While talking about resizing, displaying a large image on a screen much smaller such as a mobile device can waste bandwidth by downloading a large image when a small image can do the same effect. So, it is very important to have multiple resolutions available, providing the right size depending on the device accessing the website data.

One possible solution might be to use vector images. However, while these are useful, they are not suitable for all image types. For example, you cannot create a vector-based image of a photo. For that matter, other image formats such as JPEG are more suitable.

Resizing and compatibility weren’t an issue until recently, with the widespread adoption of smartphones, tablets and other devices. Therefore, responsive image technologies and solutions are implemented by allowing you offer the browser a number of image files, with two options: showing the same thing but containing different numbers of pixels (resolution switching), or different images suitable for different display formats (art direction).

What are Image Breakpoints?

An image breakpoint is the point when the image source switches to the next size or resolution. For example, you may choose to have three image sources, small, medium and large, so you would need three breakpoints. When thinking about image breakpoints you should consider two things. First, how many image sources you need to provide to cover the range of sizes needed for this image usage. Second, the actual target and time usage of the image sources. One method you can use is to resize the browser until the page looks like it needs a breakpoint.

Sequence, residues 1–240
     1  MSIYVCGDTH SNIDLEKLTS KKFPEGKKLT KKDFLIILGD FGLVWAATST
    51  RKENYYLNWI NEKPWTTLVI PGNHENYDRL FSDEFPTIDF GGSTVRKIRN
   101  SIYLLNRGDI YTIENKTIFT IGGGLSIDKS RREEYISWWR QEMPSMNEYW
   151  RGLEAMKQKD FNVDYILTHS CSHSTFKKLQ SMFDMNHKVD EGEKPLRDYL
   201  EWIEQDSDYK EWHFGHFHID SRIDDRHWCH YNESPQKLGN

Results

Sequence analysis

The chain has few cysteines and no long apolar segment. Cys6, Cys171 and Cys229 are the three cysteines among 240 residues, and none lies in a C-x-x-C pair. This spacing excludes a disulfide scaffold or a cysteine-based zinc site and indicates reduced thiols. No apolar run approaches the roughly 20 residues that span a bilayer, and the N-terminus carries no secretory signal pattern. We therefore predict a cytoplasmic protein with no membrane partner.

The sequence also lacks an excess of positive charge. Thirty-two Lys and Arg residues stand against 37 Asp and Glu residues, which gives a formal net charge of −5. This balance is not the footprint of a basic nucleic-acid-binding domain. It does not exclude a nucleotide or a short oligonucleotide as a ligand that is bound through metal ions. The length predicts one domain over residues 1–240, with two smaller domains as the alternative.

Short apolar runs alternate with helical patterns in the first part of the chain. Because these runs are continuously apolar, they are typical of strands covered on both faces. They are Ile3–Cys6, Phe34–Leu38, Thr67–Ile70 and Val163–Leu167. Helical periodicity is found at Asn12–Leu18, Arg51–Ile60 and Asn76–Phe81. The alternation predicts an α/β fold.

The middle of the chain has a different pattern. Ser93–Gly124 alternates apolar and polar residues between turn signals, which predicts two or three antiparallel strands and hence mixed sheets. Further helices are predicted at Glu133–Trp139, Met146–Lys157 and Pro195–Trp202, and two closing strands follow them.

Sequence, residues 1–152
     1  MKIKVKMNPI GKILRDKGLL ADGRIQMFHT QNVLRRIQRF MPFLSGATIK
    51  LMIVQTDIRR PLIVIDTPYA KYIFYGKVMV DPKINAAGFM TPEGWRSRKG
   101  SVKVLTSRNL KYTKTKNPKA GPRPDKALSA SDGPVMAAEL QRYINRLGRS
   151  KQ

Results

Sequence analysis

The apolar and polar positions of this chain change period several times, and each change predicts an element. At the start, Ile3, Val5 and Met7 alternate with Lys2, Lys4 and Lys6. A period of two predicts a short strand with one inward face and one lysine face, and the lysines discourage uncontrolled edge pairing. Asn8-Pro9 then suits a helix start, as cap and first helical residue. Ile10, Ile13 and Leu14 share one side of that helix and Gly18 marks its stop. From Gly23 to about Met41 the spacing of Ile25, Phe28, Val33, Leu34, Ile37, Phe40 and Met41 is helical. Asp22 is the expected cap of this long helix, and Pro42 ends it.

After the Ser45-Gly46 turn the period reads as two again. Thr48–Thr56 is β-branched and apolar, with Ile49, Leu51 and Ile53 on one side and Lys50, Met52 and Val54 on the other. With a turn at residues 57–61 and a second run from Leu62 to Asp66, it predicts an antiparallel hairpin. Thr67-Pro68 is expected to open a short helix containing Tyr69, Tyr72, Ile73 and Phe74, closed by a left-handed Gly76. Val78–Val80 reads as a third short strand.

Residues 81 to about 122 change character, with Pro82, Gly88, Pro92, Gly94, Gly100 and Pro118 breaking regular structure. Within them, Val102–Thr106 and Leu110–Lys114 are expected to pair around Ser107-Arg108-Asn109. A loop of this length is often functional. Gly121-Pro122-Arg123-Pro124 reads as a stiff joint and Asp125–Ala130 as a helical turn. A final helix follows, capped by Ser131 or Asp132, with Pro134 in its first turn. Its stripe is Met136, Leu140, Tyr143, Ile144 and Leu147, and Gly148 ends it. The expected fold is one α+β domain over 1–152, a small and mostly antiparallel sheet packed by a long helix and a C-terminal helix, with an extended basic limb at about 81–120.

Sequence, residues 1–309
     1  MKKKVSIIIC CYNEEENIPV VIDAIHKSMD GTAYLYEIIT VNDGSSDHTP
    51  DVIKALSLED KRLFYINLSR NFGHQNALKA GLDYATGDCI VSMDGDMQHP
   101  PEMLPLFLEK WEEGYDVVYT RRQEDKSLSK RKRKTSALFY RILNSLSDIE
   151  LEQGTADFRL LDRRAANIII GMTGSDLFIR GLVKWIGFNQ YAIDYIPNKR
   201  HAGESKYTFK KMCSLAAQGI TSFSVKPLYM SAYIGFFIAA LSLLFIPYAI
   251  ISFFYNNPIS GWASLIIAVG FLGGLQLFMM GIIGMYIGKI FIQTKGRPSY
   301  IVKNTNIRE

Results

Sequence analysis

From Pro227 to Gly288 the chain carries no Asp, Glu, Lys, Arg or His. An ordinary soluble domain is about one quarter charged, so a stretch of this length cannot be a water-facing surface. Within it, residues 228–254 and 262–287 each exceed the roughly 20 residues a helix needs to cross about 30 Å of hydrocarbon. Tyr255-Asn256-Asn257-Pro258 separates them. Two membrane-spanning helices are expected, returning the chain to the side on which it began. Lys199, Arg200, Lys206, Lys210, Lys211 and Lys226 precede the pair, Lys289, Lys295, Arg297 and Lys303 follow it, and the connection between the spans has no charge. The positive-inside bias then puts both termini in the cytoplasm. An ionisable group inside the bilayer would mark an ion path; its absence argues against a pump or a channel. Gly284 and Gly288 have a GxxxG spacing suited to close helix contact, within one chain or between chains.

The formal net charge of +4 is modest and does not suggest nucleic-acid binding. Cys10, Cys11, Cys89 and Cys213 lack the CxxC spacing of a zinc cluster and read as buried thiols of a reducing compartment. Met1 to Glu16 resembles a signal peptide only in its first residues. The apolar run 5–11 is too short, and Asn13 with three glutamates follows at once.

Since the reasons you need multiple image sources are mostly performance, different screen densities, you cannot reuse the responsive layout breakpoint for the images, since it is not going to look good.

Tips to Pick Image Breakpoints

There is not a single solution for picking the right image sources that you need. However, you can try the following tips that can provide some guidance:

Matching your layout breakpoints

For example, you think about matching mobile, tablet and desktop displays with small, medium and large image sources. You can also look at the number of layout breakpoints and match the image breakpoints. This method is quite inaccurate, and you will need to have more defined sizes for the image sources.

Testing representative images

Another method involves looking at some representative images and calculating how many breakpoints they need. This can be useful when all the photographs conform to a particular style or brand. You can pick a few images and resize them several times, covering your needs.

Set the image breakpoints according to a performance budget

You can define a budget limiting the amount of wasted bytes the browser would be allowed to download beside what is needed to fit the image. For example, you have a performance budget of 20K for each responsive image. This means that we need to configure the breakpoints so that the various sources are never more than 20K apart.

How to Implement Responsive Image Breakpoints in Angular 8

Now, let's see with an example how to use responsive image breakpoints in Angular 8.

In this first step, we need to generate a project using Angular CLI 8. Open a new terminal and run the following command:

$ ng new angular-responsive-image-breakpoints

You'll be prompted for a couple of options. After that, your project will be created and the necessary dependencies will be installed.

Before you can use BreakpointObserver, you need to install the Angular’s CDK Layout Module using the following commands:

$ cd angular-responsive-image-breakpoints
$ npm install @angular/cdk

Next, open the src/app/app.module.ts file and add LayoutModule in the imports array:

import { BrowserModule } from '@angular/platform-browser';
import { NgModule } from '@angular/core';
import { LayoutModule } from '@angular/cdk/layout';

import { AppComponent } from './app.component';


@NgModule({
  declarations: [
    AppComponent
  ],
  imports: [
    BrowserModule,
    LayoutModule
  ],
  providers: [],
  bootstrap: [AppComponent]
})
export class AppModule { }